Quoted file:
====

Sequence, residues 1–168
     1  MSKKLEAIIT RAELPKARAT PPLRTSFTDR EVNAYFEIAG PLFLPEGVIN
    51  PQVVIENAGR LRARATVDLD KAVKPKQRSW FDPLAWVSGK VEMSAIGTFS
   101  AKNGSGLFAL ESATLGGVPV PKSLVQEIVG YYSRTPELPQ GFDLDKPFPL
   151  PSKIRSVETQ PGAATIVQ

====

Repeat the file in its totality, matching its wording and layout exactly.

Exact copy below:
Sequence, residues 1–168
     1  MSKKLEAIIT RAELPKARAT PPLRTSFTDR EVNAYFEIAG PLFLPEGVIN
    51  PQVVIENAGR LRARATVDLD KAVKPKQRSW FDPLAWVSGK VEMSAIGTFS
   101  AKNGSGLFAL ESATLGGVPV PKSLVQEIVG YYSRTPELPQ GFDLDKPFPL
   151  PSKIRSVETQ PGAATIVQ